Always leave some leaves on the plant as it will not survive otherwise. If you are harvesting only leaves and not the stems you should still remove bare stems to allow further healthy growth by the remaining stems and leaves. 

Looking for ideas to cook with basil? Click here for our Basil and Corn Fritters Recipe.

Tip 5. Feed And Mulch Your Basil Plant

Basil loves compost! By planting your basil into soil rich in compost, you will provide your plant with all the beneficial nutrients for the growing season.

Apply a natural organic fertilizer every few weeks. Basil will enjoy worm castings and fish or seaweed emulsion. A serve of pellet chicken manure would also be welcome.

Mulch 2-3cm thick around the basil plant to stop the plant roots and surrounding soil from drying out too quickly. The mulch will break down throughout the growing season, providing further food and nutrients to the plant.

Organic sugar cane mulch is ideal but there may be something else more suitable to your area that’s locally grown, depending on where you live.

Tip 6. Pinch Off Flower Buds To Prolong Basil Leaf Production

Basil Flower

Basil will naturally want to flower at the end of its production. When conditions are not right for the basil plant, it may want to flower earlier than expected. Flowers will produce seeds and this is natures way of ensuring future crops. 

Flowering is wonderful food for the bees. However, you can prolong the inevitable flowering by pinching off the flower buds before they bloom. Pinch off the stem at least two sets of leaves down from the bud.

The basil plant will then continue to produce leaves instead of flowers.

When flower buds form and bloom, the plant puts all its energy into the flower instead of the leaves. And once flowering begins, leaves will become bitter tasting.

When the basil plant does flower, enjoy watching all the bees visit your garden to provide further pollination to other fruit, vegetables and flowers.

If you let the flowers dry on the plant you will have seeds to grow in future seasons and have more plants for free! Your garden is generous.

Tip 7. Grow More Basil Plants From Cuttings

Basil cuttings in glass jar
Basil cuttings in the jar on the right

Grow loads of new plants from just one plant! 

Once your basil plant is a decent size, enough to harvest a few stems, you can start taking 10 cm cuttings to propagate more plants. 

Take the cuttings below a leaf node (where the leaf originates from the stem) and remove the lower leaves, making sure to leave a few leaves at the top of each stem.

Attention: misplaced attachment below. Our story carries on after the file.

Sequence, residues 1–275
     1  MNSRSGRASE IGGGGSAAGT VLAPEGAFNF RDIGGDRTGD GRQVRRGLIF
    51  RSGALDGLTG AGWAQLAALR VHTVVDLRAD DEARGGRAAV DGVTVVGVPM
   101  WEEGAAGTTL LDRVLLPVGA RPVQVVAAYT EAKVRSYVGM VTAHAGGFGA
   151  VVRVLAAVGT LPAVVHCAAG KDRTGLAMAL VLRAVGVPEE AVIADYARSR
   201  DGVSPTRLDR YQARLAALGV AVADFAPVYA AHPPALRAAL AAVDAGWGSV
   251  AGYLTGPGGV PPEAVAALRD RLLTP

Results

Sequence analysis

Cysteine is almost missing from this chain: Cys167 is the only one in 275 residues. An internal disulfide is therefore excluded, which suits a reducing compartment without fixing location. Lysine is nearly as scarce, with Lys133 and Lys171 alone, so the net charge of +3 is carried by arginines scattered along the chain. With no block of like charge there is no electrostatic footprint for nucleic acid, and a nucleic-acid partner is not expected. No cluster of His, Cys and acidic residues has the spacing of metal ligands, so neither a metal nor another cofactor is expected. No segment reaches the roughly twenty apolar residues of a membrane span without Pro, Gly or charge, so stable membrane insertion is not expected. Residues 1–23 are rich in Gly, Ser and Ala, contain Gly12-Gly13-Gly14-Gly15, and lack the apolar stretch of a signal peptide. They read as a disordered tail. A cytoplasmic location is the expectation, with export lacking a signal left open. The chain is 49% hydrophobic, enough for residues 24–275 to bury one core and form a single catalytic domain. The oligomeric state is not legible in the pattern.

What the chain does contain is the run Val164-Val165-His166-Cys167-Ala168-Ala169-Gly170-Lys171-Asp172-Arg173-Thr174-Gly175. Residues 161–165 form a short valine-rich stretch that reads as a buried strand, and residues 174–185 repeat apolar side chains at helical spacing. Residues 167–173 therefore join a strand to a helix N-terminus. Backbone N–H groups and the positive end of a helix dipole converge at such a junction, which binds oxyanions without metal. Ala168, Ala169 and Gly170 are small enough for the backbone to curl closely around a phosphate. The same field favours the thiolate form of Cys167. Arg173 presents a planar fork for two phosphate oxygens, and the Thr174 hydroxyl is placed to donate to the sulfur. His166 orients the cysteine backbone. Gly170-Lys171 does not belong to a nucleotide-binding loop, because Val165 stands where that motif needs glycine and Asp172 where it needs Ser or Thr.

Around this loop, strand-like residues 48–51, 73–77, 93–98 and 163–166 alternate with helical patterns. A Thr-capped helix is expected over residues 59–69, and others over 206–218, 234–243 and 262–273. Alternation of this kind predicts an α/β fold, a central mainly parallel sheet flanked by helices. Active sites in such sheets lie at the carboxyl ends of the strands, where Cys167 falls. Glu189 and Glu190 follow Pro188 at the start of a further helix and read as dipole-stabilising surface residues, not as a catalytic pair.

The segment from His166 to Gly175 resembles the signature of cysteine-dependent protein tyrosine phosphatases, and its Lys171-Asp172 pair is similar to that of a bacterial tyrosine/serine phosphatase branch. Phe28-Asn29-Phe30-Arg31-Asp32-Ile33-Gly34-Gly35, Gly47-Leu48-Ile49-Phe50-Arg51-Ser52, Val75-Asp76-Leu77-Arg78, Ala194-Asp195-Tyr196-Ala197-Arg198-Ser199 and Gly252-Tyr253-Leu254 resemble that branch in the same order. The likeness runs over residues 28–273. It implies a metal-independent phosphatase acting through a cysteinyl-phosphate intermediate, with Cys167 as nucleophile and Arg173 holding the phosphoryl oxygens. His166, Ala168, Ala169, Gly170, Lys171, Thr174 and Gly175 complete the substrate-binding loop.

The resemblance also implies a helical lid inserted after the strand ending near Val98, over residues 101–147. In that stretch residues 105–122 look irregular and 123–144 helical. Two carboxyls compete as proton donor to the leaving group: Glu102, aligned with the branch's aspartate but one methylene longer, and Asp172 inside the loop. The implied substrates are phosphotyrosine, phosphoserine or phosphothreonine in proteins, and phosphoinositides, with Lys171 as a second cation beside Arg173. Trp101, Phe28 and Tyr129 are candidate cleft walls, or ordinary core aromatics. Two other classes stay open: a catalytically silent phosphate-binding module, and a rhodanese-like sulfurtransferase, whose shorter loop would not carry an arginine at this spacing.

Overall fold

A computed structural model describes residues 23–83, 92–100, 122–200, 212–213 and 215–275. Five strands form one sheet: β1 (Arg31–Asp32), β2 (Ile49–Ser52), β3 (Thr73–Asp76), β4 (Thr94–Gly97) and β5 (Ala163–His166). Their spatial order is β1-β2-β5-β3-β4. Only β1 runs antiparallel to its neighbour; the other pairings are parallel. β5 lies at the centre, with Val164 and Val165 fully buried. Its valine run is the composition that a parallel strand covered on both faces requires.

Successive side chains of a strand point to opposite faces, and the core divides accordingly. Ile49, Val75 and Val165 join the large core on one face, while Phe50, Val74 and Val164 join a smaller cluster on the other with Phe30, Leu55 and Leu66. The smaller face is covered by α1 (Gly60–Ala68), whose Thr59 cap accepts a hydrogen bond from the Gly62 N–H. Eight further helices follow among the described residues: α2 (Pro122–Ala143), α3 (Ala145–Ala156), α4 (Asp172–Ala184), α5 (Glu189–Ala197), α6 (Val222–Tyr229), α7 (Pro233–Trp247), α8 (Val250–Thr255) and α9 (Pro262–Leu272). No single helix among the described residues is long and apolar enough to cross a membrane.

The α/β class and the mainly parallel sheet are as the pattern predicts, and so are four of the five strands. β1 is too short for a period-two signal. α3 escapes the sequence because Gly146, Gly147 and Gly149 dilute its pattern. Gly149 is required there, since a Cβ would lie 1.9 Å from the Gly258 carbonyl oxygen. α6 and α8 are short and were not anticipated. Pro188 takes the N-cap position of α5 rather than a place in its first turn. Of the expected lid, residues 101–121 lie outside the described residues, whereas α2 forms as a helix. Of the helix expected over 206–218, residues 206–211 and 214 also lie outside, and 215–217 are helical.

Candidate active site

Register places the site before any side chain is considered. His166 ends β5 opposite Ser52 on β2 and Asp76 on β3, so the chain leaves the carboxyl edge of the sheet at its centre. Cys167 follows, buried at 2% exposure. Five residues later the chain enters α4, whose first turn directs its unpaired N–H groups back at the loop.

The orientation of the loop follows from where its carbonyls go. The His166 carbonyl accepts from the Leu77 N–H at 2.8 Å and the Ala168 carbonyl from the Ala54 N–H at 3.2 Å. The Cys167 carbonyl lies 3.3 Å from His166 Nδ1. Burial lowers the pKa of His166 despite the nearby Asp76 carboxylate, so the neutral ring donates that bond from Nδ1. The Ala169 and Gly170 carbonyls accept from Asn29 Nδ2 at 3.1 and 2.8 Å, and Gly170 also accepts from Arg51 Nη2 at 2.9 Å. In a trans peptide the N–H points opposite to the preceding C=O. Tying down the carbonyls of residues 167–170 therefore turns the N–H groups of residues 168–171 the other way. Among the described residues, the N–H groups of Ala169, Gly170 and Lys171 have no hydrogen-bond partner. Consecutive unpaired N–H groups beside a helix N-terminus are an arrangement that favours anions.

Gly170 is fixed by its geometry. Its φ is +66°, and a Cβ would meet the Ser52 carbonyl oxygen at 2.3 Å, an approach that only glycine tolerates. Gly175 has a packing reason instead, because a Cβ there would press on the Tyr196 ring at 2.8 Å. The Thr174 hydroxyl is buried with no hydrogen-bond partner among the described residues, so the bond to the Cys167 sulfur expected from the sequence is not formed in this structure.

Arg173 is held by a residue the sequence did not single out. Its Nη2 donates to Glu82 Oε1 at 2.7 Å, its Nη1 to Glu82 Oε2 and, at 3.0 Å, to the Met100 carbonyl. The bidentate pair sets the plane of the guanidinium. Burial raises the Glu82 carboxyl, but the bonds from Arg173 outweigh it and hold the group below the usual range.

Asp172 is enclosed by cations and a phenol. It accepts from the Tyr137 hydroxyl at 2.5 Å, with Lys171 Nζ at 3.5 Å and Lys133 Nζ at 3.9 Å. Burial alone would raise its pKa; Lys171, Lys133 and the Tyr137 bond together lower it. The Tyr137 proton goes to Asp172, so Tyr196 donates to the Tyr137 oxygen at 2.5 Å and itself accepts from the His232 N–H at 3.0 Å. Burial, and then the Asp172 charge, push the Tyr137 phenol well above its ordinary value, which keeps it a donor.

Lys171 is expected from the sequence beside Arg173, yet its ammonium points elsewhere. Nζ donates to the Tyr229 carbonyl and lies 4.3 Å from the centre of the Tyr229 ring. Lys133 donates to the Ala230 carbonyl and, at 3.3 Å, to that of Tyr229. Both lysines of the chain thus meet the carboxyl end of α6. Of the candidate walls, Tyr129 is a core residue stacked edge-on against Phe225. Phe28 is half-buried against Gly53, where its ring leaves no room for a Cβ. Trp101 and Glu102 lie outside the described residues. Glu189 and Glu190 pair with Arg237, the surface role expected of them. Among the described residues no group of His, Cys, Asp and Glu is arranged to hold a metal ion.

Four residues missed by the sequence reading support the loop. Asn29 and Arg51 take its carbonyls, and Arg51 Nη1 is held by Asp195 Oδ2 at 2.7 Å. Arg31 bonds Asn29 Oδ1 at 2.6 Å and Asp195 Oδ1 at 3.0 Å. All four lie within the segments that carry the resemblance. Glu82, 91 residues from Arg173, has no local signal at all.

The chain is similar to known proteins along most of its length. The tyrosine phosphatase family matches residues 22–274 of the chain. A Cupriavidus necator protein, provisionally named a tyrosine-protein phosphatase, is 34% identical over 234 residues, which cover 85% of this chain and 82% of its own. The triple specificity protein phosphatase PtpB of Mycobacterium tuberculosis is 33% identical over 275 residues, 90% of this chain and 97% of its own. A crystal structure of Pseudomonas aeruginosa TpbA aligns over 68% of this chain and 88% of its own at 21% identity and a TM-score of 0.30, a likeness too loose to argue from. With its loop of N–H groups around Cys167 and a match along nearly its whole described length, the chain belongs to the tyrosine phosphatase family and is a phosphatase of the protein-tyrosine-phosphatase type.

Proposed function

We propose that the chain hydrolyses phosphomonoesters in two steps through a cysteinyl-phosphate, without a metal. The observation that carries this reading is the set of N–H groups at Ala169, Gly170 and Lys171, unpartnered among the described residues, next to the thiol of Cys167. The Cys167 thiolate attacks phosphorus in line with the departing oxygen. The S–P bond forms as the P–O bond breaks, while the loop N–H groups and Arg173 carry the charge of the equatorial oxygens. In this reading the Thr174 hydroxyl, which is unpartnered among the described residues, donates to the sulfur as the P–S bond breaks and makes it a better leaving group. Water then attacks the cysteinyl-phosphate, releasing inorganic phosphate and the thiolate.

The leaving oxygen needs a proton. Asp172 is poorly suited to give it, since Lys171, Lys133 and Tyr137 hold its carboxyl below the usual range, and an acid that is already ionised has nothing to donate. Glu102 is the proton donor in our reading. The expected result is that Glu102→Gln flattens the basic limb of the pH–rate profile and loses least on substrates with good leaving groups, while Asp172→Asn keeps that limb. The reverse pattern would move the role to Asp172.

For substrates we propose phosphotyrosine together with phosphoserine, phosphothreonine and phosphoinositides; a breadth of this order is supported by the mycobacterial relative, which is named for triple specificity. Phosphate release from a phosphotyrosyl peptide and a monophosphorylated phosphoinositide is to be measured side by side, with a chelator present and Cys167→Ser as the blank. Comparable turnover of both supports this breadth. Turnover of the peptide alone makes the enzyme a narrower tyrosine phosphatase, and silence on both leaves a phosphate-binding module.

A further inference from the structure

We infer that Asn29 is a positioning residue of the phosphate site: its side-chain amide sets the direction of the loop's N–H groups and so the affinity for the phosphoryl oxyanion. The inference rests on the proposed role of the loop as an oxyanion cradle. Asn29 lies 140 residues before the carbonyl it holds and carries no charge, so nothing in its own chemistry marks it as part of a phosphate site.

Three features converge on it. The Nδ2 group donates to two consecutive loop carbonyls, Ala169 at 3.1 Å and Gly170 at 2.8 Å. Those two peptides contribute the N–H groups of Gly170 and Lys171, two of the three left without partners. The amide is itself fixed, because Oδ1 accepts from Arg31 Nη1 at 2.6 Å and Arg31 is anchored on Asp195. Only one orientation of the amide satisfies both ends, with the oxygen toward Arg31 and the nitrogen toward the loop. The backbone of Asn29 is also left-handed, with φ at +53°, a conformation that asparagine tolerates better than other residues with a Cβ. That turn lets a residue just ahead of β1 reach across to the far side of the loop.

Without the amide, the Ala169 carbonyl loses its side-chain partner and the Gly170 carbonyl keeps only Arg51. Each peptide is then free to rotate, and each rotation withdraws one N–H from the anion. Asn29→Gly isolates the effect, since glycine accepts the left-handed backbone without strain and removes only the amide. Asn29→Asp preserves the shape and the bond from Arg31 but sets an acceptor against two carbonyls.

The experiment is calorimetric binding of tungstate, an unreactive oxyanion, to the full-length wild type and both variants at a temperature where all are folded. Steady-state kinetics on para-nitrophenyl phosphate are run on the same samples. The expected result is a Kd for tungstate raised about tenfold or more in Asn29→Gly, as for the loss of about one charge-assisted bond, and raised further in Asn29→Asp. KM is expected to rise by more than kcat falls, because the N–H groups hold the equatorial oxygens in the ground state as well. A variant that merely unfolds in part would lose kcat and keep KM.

Place the cuttings in a small glass, jar or clear plastic bottle with a few inches of water and leave it on a window sill with plenty of indirect light.

Leaves should not be touching the water. Change the water every second or third day.

In approximately 2 weeks the cuttings will have formed roots. When the roots have an inch or so of growth you can plant the new basil plants into pots and then ‘harden them off’ (see more on this in the following ‘Bonus Tip’ below).

Or if the weather isn’t too hot yet, you can plant them directly into the garden. Pick a time towards the end of the day when the sun is not too strong and water in well.

In the following days, water the new plants morning and evening to ensure they establish themselves before returning to your normal watering routine.

Bonus Tip: Can You Grow Basil From The Grocery Store?

Yes, you can! Pots of sweet basil are sold in grocery stores for cut-and-come-again leaves to conveniently add to meals. Planting these out into the garden is a great way to start growing basil. 

However, as the plants have usually been grown in artificial greenhouse conditions and placed on grocery store shelves for days at a time, they can be starved of sunlight. They may not do well outside, to begin with. 

Greenhouse Basil

You can help the plant by ‘hardening off’. This is a process of gradually exposing the plant to sunlight each day.

To begin, place the plant outside in morning sunlight for 2-3 hours the first day. Morning sun is best as it won’t be as strong as midday and afternoon sun.

Shift the plant into indirect light for the remainder of the day and bring the plant inside for the night.

The following day, increase the direct sunlight hours by 1-2 hours and continue to do so of the next few days.

The process should take no more than 7-10 days.

Keep the plant well watered but ensure the pot is free draining so the plant does not sit in water.

Once your basil plant has been hardened off you can transplant it into a larger pot for your patio, balcony or plant it directly into the garden.

Conclusion

Basil is a wonderful and versatile herb to add to any food garden. Dinners will be tastier and your wallet will be fuller when you grow basil at home.

With the right growing conditions, you can have months of fresh basil in the garden. So why not try growing your own basil at home? 

I’d love to hear your experience with growing basil, please leave a comment below with any tips of your own. And if you have a friend you think would love to try growing basil, please share this article with them. You never know, your next dinner invitation to their place might just be topped with fresh homegrown, pesticide-free basil.

Basil Tomato Salad

Recommended Products:

Water Gauge

Organic Worm Castings

Organic Fish Fertilizer

Seaweed Fertilizer

Pellet Chicken Manure

Are you interested in growing more food in your garden at home? Click here for How To Grow Delicious Lettuce and here for all about Pepino Melon: How To Grow The Plant And Eat The Fruit.